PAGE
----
Formed in 2011, the two-person indie band Feral Conservatives are set on cutting their own path through the music world with a mixture of 90s indie rock influence and their own urgency. BULLET spoke with Rashie Rosenfarb (vocals, mandolin and bass), and Matt Francis (drums, pedal noise and feedback) of Feral Conservatives about what inspires them creatively and what it was like growing up in Virginia Beach. They’ve got a new single, “Class Reunion” (which you can hear below) from an upcoming EP that will be out in February.
Tell me about where you grew up.
Rashie Rosenfarb: I grew up in Virginia Beach about 20 minutes away from the oceanfront.
Matt Francis: Michigan. I was born in Grand Rapids and grew up in small town south of Lansing. We had to drive two hours to catch shows in Detroit growing up. If I would’ve stayed I’d probably join the brewing scene which seems to be thriving there.
What was the moment you decided to play music?
RR: Growing up my parents encouraged us to play music and sing. We grew up singing a lot around the house and both my parents play guitar so music was just a part of our lives. We sometimes would even play as a five piece family band which is probably really cheesy but I have some fond memories of those times. But I think the moment I really knew was when my brother introduced me to some punk rock bands when I was an early adolescent and I had such a strong connection to the music it inspired me to start playing more seriously.
M: I grew up in a conservatives church environment so I was surrounded by stale, safe, and mostly recycled music–in corporate worship, in the car on the radio — it was all just the same adult contemporary and I really had no connection to it. Even as kid I knew it was cheesy. It was when I was probably ten when I first discovered punk music. It was fast, had an edge to it, and they actually sang about things I thought about (mostly girls and the associated heartbreak). That was my first real connection to rock and roll and there being danger in music. I picked up the drums not too long later…I was in a band before I could keep a beat. I’m still trying to keep a beat, actually…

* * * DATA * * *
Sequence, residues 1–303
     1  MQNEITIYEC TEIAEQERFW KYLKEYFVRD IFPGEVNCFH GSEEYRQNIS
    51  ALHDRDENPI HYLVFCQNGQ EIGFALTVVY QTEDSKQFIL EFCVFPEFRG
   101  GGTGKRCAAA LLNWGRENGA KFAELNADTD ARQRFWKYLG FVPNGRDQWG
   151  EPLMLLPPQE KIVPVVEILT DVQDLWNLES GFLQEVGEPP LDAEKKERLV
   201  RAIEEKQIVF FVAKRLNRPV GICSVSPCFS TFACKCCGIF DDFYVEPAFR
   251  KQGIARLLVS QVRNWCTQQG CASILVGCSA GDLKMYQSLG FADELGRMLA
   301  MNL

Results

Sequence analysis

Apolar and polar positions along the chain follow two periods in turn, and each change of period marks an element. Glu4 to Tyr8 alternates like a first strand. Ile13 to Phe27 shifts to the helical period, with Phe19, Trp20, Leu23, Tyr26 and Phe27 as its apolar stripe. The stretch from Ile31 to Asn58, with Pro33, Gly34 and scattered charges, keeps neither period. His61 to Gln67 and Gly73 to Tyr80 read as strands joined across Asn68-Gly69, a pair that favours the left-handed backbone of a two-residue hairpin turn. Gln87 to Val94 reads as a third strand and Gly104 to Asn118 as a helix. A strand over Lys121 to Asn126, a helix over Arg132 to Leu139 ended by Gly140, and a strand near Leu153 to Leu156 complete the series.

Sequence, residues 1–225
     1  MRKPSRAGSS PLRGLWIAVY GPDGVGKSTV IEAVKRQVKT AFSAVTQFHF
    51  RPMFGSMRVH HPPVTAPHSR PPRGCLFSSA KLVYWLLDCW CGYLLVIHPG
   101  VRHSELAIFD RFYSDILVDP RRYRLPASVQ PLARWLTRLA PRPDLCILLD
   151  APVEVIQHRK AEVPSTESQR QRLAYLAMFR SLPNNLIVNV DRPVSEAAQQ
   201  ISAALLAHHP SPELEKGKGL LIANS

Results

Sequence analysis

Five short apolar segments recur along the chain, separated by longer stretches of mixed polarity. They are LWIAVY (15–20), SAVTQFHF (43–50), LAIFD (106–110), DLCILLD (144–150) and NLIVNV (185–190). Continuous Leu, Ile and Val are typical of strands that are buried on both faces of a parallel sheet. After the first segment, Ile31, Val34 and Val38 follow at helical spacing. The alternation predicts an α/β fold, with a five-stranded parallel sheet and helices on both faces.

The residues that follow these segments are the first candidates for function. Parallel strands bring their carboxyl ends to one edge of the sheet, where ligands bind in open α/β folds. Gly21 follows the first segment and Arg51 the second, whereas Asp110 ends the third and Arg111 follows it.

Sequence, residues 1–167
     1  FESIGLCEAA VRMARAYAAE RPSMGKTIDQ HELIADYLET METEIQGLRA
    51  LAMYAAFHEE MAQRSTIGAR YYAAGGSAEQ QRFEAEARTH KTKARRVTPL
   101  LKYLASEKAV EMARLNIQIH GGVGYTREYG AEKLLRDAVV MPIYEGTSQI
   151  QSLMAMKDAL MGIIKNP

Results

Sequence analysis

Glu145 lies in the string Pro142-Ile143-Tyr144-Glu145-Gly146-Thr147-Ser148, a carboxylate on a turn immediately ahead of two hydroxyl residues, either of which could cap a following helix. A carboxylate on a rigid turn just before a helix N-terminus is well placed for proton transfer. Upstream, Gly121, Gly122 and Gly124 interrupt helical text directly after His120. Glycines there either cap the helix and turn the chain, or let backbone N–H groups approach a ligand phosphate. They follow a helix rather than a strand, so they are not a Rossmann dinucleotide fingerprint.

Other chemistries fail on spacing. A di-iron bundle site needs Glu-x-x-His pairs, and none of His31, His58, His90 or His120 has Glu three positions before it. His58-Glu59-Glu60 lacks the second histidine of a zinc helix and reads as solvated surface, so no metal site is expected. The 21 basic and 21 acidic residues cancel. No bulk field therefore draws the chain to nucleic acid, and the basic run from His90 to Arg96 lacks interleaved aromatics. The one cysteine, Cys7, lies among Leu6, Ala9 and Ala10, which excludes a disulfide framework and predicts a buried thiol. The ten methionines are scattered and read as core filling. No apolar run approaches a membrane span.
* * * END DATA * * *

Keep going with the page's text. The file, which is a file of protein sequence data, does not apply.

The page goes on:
What’s the scene you most inspired by?
M: Regionally I’d probably say Minneapolis in the 80’s, and conceptually the 80’s college rock scene. It’s pretty amazing how many great bands came out of MN at that time, especially when you look at how isolated it was from your New York or LA. Really, you had Chicago like a day’s drive but where else would you tour? Fargo? Yet we got the Replacements, Husker Du, The Suburbs, Prince…I guess when it’s so cold you either drink or make timeless rock, and usher in the age of indie rock from the roots of punk and hardcore. Expanding on that, as a band, we’re really into Pixies, Sonic Youth, REM.
RR: I agree. It’s really inspiring to read about how those guys paved the way for bands like us coming after. They were the true beginning of indie rock. On that same thread We also get a lot of inspiration from bands like Superchunk, Archers of Loaf, Teenage Fanclub and The Cranberries — 90’s bands who created a cool sense of community while still staying true to who they were as bands.
What does the new EP mean to you?
RR: Super exciting for both of us. There are a couple songs that we’ve had for awhile that really mean a lot to me and it’s been cool to see them unfurl and finally come to life through recording. And there’s two newer songs we just wrote not too long ago that I feel complement the others really well. There’s a nice balance of noisy meets soft and delicate which is something we strive for as a band.
M: It’s huge… it really sums us up as a band and individually as songwriters. It’s the culmination of years of shaping our sound, taking a mandolin on the road and touring bars and beefing up this delicate sound because, you know, that’s how we demand attention. ‘You’ve never heard of us.’ So then you plug this mandolin into a Big Muff and run it out through two amps cause we’re just a garage band at heart. And that’s what this record is… it sounds like we do live. The production is so intimate,like you’re in the room with us, and it really captures us at this very second for good or bad.
How’s Virginia Beach?
RR: VA Beach is pretty quiet this time of year when all the tourists are gone. But music-wise there’s really not much going on. We tend to play out at venues in nearby Norfolk.
M: It’s near an ocean…so there’s that. The best thing about it is we are close enough to Norfolk, Richmond, DC, Raleigh.
Anything else you’d like to add?
RR: We’ve also got some tour dates coming up in the New Year (January, March).